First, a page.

The Hollars

A Small Winner

An Illusion Review by Joan Ellis

The Hollars

With The Hollars, a talented group of filmmakers has turned the ordinary into a memorable bit of magic. Will you rush off to the theater if I tell you this is a movie about a dysfunctional suburban family? Of course not. What if I add that every character in the movie is a small story in itself, each dealing with the ups and downs in his/her personal life in relation to the others? The chemistry that evolves as they are drawn together by the matriarch’s illness bubbles to life until we realize we are watching something very unusual, and if you think a matriarchal illness is a negative, I promise you this is no ordinary matriarch.

So right up front the credit goes to John Krasinski who directs and stars, to James C. Strouse who wrote without cliché and with much imagination, and to actors who endow their characters with genuine originality. There isn’t one of them – in small or big parts – who fails to catch our interest. What will happen to him – to her? To this whole gang that is not a close family? The fact that we care is a salute to everyone involved.

Frustrated artist John Hollar (John Krasinski) comes home as the family gathers for his mother’s brain surgery. He is joined soon by his loyal pregnant girlfriend Rebecca (Anna Kendrick). We meet grumpy unemployed brother Ron (Sharito Copley), father Don (Richard Jenkins), and Reverend Dan (Josh Groban) who is the live-in boyfriend of John’s old girlfriend. Above and beyond all we meet actor Margo Martindale who creates ailing mother Sally Hollar in short bursts of wisdom and comic skill. There’s not a cliché in this woman’s head. Her delivery of insights in short, thoughtful bursts shows us the intelligence and humor that brought the whole family together.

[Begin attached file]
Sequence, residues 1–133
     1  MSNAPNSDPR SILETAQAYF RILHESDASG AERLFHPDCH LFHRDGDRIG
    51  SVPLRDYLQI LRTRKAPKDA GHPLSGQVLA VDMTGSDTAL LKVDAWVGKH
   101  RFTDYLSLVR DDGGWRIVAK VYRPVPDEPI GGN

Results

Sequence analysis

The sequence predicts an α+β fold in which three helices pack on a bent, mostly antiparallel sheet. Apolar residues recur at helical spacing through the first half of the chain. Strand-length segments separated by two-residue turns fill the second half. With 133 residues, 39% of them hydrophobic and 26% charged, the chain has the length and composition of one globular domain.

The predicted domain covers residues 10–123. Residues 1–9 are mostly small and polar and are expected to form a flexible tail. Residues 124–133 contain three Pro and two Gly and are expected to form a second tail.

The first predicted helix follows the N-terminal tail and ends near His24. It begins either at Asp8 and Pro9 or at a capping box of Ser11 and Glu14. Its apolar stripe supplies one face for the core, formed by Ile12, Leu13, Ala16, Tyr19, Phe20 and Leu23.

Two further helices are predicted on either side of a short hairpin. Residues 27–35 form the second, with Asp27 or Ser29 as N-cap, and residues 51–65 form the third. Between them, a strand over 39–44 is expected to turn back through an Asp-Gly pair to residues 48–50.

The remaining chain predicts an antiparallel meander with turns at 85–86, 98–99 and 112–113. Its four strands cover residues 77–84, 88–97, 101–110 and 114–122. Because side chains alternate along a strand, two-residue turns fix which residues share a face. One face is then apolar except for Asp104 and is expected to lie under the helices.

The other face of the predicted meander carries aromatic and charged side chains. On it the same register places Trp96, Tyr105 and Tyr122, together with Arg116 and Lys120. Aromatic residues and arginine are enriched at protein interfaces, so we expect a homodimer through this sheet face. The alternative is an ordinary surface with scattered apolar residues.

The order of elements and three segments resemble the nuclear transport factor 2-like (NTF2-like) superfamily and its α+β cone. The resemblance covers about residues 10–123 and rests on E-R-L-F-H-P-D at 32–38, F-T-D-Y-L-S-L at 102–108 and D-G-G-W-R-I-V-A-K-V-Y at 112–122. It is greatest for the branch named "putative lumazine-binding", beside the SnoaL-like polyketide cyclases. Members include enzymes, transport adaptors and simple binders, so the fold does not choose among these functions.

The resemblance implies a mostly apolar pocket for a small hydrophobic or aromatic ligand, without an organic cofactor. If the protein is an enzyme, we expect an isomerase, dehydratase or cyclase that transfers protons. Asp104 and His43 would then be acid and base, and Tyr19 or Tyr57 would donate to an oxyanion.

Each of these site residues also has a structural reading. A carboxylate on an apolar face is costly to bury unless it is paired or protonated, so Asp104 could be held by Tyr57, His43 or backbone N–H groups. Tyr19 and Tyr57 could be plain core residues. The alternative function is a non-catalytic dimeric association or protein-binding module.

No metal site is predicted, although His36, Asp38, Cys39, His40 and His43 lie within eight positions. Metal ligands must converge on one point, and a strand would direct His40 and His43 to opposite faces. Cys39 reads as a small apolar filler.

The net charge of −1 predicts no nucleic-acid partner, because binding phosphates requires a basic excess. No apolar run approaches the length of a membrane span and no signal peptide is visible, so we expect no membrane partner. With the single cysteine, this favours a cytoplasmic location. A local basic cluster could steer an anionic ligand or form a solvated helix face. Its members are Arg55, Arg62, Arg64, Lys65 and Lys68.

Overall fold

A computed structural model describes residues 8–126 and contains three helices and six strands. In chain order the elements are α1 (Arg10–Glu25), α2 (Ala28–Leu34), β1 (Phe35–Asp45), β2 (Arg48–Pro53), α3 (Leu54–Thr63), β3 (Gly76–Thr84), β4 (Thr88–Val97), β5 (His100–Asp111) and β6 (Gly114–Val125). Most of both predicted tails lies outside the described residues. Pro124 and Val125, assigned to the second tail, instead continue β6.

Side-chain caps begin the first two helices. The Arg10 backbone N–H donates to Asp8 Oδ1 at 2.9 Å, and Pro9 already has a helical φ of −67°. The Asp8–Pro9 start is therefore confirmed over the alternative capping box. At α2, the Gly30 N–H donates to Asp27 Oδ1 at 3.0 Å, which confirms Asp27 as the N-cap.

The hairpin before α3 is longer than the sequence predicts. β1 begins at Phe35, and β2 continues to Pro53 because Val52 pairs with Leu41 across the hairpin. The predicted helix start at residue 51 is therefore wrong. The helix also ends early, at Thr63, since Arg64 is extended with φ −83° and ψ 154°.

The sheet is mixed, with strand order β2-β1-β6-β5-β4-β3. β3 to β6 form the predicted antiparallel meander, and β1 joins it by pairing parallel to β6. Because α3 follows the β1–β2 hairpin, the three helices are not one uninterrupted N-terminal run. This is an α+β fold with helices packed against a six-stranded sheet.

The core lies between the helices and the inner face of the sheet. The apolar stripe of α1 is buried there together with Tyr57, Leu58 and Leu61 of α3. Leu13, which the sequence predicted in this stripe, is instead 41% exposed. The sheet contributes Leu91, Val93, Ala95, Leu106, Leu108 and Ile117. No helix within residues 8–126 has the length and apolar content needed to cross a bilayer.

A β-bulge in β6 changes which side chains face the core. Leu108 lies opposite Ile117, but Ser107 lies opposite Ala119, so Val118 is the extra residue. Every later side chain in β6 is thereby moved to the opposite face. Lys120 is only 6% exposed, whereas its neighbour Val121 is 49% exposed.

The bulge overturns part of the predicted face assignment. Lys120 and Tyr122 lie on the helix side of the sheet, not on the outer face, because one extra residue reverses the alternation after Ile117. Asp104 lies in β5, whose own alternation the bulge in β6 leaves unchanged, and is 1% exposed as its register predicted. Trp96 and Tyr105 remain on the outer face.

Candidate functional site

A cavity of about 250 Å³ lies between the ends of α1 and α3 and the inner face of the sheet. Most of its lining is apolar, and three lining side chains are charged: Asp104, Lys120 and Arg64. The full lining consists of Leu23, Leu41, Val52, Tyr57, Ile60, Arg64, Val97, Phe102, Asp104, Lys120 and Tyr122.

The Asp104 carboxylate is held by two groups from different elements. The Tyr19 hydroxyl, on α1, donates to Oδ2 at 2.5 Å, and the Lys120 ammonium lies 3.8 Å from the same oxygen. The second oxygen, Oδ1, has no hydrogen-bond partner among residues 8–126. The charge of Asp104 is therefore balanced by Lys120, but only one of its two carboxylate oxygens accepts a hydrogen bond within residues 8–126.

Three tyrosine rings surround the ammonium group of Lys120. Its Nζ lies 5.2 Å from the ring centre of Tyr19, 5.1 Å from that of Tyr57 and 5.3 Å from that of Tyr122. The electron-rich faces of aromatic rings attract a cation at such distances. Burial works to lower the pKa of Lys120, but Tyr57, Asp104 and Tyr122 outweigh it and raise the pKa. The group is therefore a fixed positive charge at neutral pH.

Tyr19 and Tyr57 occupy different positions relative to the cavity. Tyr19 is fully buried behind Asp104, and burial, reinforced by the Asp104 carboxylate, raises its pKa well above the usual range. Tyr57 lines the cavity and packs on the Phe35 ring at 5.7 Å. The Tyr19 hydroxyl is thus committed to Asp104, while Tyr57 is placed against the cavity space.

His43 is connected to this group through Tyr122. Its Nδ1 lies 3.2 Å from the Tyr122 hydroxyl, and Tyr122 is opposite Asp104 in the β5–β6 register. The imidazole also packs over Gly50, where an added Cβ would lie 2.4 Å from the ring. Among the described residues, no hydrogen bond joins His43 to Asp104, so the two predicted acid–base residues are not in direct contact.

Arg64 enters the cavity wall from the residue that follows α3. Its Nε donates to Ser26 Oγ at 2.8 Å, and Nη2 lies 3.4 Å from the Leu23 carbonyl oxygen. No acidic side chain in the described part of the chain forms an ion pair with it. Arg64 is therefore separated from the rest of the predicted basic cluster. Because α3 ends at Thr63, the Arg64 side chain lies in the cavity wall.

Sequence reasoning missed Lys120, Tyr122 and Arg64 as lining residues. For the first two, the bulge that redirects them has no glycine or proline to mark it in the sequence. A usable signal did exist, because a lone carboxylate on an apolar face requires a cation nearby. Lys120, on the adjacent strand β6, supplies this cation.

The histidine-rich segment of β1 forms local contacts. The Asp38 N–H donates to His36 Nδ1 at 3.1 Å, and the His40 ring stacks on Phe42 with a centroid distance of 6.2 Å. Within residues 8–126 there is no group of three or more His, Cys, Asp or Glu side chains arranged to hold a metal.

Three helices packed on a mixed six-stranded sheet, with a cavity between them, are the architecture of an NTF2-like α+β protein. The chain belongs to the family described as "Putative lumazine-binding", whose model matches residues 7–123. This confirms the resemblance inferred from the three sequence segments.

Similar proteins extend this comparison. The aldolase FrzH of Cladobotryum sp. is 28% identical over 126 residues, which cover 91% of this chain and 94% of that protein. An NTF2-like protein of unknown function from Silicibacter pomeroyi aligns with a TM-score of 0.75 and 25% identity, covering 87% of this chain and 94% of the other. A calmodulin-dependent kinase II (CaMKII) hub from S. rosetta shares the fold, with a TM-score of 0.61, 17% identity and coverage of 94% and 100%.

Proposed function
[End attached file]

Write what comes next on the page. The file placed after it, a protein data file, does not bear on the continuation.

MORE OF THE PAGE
Richard Jenkins creates the weak but devoted patriarch who can’t stop crying when he thinks about losing his wife. He gives us a man who drew any strength he had from her and finally says, “It’s terrifying to find out this late in life what you should have done.”

John Krasinski wraps John Hollar in an appealing insecurity about being an artist but also makes him a man who responds with deftness and strength to what he finds when he comes home. His direction of Strouse’s clever script is subtle. Together they hand us fully realized family, and not one of them has the feel of a supporting player.

Until, that is, we realize we are watching a rare performance of sophisticated subtlety by Margo Martindale as Sally, mother in spirit to all the rest. Martindale builds her performance slowly without ever appealing for sympathy. She offers short, sharp observations that reach both her family and the audience.

It isn’t often that writers, directors, and actors combine to bring such pleasure to a small movie. We may be lucky enough to see Margo Martindale again during the approaching awards season.

Film Critic : JOAN ELLIS
Film Title : The Hollars
Word count : 498
Running time : 1:28
Rating : PG-13
Date : July 23, 2016